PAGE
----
Zero-K runs on the Spring engine, which supports a lot of modification of game files. The most advanced mods may amount to creating an entire new game. The Spring engine wiki is a valuable resource for game and mod development using the engine, especially the gamedev page.
Familiarity with the game repository or main menu repository is important for modding and downloading a searchable version is advised. See Developing#Getting_Sources for how to download a local version of the repository.
Cosmetic and UI changes
Some changes can be made just by adding files to your install directory. The following subfolders of the game repository should support this (feel free to attempt more): unitpics, sounds, unittextures, bitmaps, anims, icons and LuaUI. Replace a file by perfectly matching its name and path. Everything in the main menu repository can be overridden.
Configuration files from the Zero-K repositry can be copied to
Zero-K/LuaUI/Configs and modified. Some are made with configuration in mind while others are a bit challenging to modify. Two easy to configure aspects of the interface are as follows.
- To configure teamcolours, unzip this file so that you have
LuaUI/Configs/LocalColors.lua. Modify the values within and select 'Custom' in the dropdown menu at the top left corner of the screen ingame.
- To configure the position of commands and states in the command panel, copy this file to
Zero-K/LuaUI/Configs/integral_menu_commands.luaand edit it.
To add widgets or override existing widgets you must enabled local widgets and load local widgets first through the advanced settings in
More Significant Changes
Changing animations, unit behaviour, game mechanics or statistics is a little trickier than cosmetic changes. These types of changes affect everyone in a multiplayer game (as opposed to local interface changes) so require the creation and distribution of a game archive. Entirely new games for the Spring engine can be made with this method.
This page tells you how to use Zero-K to easily set up a modding environment and how to run mods on the Zero-K server. For specific information on the components that make up a mod consult the SpringRTS wiki.
A mutator is a mod archive that can add and override files relative to a base archive. Mods that make relatively small changes to Zero-K should be made with a mutator, as this keeps filesizes low and allows the mod to stay up to date with fixes or changes to other parts of Zero-K. Even large projects should probably start out as mutators, as it enables the project to build up to handling every aspect of creating a full game archive. Here is an example mutator to get you started (download). Unzip it in Zero-K/games, and yes, the folder should be named with the extension ".sdd". Your file stucture should look like this.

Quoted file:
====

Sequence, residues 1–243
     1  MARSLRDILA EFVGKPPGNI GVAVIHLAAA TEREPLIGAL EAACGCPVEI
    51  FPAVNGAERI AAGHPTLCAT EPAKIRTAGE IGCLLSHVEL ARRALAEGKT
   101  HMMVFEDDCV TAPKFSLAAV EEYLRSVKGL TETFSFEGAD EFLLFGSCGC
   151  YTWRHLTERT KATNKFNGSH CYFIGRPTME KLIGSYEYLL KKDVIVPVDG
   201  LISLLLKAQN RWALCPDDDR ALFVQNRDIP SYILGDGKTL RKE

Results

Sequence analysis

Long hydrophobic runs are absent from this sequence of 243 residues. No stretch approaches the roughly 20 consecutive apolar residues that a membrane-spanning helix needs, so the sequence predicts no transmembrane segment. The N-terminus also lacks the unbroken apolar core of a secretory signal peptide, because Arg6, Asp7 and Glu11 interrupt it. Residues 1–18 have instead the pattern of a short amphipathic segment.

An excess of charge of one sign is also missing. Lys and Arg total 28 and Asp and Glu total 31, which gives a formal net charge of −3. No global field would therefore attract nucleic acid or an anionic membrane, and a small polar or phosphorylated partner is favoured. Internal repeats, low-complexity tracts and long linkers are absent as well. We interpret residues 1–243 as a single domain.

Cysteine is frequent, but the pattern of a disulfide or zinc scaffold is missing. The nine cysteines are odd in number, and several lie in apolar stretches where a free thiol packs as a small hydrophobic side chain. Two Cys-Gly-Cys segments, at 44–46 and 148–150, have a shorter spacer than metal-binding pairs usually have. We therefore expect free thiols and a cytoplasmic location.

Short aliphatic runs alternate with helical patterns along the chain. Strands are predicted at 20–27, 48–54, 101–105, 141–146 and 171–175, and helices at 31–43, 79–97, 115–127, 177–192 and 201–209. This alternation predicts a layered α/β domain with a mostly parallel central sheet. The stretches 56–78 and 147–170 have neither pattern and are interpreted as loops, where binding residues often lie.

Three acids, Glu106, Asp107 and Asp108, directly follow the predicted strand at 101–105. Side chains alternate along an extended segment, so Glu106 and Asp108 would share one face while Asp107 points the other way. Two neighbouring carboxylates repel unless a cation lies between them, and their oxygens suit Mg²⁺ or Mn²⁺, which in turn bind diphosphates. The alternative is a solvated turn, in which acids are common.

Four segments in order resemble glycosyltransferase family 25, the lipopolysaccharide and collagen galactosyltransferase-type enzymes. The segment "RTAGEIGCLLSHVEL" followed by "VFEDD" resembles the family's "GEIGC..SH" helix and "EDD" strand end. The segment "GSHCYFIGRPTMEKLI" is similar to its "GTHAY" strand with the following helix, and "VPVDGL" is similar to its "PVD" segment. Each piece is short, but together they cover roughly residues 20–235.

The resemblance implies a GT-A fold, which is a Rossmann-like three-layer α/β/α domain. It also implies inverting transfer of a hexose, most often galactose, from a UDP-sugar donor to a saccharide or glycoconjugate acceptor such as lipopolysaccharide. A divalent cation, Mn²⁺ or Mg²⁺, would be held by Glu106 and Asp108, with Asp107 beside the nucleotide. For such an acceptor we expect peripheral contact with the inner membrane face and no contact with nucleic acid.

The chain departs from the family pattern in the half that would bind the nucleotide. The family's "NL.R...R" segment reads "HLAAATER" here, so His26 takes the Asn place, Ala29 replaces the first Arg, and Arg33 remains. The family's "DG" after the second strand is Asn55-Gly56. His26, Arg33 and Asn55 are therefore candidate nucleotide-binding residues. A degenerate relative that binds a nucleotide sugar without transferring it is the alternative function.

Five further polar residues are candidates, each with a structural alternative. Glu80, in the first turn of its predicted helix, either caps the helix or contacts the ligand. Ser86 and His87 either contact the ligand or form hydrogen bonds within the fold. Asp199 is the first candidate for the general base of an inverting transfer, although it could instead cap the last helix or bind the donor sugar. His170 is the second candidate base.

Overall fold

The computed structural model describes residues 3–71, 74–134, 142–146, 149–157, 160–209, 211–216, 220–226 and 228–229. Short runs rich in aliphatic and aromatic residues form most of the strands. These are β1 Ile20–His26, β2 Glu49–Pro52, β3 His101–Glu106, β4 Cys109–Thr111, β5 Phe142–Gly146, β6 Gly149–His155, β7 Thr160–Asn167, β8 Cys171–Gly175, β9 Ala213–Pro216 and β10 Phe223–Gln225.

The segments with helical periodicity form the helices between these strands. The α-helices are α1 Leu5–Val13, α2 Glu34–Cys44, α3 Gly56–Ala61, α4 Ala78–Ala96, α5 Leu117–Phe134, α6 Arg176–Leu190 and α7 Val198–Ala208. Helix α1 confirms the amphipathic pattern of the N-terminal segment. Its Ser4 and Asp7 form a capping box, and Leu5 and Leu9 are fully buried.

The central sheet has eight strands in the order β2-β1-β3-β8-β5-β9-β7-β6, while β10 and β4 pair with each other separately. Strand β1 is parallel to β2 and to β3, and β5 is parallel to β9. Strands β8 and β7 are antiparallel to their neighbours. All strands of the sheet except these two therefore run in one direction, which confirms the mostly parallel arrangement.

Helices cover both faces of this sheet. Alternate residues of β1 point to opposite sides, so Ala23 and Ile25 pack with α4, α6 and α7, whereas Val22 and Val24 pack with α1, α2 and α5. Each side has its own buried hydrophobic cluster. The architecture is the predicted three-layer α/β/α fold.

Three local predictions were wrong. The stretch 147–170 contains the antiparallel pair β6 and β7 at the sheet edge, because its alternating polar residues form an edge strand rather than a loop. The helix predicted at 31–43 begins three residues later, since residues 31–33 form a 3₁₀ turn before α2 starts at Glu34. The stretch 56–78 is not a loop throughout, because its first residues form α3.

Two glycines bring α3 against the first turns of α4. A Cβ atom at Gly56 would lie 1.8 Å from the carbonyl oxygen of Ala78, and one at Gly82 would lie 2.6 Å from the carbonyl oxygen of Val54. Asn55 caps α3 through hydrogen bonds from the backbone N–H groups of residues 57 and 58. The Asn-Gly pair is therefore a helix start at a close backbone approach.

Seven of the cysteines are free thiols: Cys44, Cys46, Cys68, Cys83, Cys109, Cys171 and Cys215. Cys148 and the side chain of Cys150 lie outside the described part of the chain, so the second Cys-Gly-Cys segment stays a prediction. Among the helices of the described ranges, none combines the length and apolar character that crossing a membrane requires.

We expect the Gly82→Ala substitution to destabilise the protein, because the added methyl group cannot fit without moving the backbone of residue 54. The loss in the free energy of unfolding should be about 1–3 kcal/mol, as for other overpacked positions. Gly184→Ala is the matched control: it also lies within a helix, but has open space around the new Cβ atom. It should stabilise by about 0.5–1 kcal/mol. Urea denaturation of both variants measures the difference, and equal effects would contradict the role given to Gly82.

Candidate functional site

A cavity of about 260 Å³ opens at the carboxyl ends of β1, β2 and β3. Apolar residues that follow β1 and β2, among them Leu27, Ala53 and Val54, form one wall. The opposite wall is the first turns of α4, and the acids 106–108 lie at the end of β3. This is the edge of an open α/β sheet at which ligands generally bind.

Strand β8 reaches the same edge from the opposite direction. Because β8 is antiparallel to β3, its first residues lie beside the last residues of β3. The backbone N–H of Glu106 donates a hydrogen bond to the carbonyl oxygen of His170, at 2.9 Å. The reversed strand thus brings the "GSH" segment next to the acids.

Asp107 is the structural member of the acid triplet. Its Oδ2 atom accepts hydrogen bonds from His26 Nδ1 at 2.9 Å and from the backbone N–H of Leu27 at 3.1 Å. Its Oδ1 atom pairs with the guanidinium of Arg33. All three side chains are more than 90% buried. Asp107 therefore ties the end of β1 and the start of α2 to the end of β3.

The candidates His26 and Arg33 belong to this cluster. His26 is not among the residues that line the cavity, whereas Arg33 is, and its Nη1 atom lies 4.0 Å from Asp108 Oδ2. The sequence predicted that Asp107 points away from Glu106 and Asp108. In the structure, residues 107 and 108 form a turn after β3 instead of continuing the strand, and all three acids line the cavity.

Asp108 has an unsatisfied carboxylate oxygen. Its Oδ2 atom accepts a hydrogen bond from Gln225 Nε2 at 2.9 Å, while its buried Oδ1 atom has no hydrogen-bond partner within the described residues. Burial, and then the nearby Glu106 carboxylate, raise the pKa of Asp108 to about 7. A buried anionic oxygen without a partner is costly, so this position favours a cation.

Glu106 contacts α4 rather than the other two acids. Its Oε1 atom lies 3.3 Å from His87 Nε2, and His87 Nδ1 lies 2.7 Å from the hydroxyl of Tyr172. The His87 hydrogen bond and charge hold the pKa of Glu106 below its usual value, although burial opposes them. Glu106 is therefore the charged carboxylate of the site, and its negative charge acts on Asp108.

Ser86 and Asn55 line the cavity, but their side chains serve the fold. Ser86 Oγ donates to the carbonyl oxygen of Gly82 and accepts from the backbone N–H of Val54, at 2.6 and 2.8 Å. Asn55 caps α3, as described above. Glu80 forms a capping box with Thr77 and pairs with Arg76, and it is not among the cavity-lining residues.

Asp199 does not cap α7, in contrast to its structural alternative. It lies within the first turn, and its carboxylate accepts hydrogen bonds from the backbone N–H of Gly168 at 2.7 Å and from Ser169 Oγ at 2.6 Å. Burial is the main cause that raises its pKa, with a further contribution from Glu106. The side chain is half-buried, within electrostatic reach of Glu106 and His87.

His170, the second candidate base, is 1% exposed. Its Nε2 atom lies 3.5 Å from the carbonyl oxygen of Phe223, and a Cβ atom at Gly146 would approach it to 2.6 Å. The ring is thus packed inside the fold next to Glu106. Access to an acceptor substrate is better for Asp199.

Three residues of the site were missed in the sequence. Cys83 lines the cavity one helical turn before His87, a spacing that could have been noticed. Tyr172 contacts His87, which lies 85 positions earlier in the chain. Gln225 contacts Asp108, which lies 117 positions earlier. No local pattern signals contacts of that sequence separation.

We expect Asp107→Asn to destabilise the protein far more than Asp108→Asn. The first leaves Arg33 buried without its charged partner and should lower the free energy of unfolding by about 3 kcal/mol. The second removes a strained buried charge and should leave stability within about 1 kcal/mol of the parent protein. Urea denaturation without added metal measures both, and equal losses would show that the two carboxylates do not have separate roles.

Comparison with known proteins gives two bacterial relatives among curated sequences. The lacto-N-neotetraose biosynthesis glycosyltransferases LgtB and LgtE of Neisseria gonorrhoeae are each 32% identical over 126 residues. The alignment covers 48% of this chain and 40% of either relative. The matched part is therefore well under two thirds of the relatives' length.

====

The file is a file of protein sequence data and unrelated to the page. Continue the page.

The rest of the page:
Any file found in the mutator and the base game will be overridden by the version found in the mutator. New files can be added too.
Downloading the Zero-K repository
Maintaining a local development copy of Zero-K is very useful as poking around the repository can reveal a lot about the required structure for mutators, the names of files to override, and provides a place to trace errors. Clone the game repository as seen on the Developing page. The fork step can be skipped for now if you are just intending to take a look. Be sure to keep your local copy up to date by regularly using git to pull changes. With a local repository you can eventually open pull requests and push content to be included in the base game (if you're keen).
Running your mod - Singleplayer
Go to Settings -> Lobby and enable 'Show technical mods list'.
Open a skirmish via the singleplayer menu and click 'Adv Options'.
Click 'Select Mod' and select your mod from the list. Note that this button only appears if 'Show technical mods list' is enabled, and you may have to restart the lobby to apply the setting. The example above is called 'Zero-K Base Mutator v1'. Click Apply.
The text beneath the Adv Options button should change from 'Zero-K vX.Y.Z.W' to the name of your mod.
Click 'Start' to start. Note that friends invited via skirmish coop will not be able to join the game unless they have a copy of your mod.
Running your mod - Multiplayer
First check modinfo.lua to make sure that your mod's name, shortname and version are unlikely to clash with any other existing mod. Then turn your sdd into a sdz by first zipping it (as follows on Windows) and renaming it such that the file extension is
- Host a Custom passworded multiplayer battle.
- Select your mod from the 'Select Mod' list under 'Adv Options' (just as you would for singleplayer).
- Other players that join the room will automatically download your mod.
- Click start to play.
It is best if you play from your sdz version rather than your sdd version, as any changes between your local version and uploaded archive could cause desync. It is a good idea to give your development .sdd version a unique version name.
You can now use Custom Modes to make a preset that hosts your mod. There is currently no site-based way to distribute custom modes, but they can be included manually in lobby releases.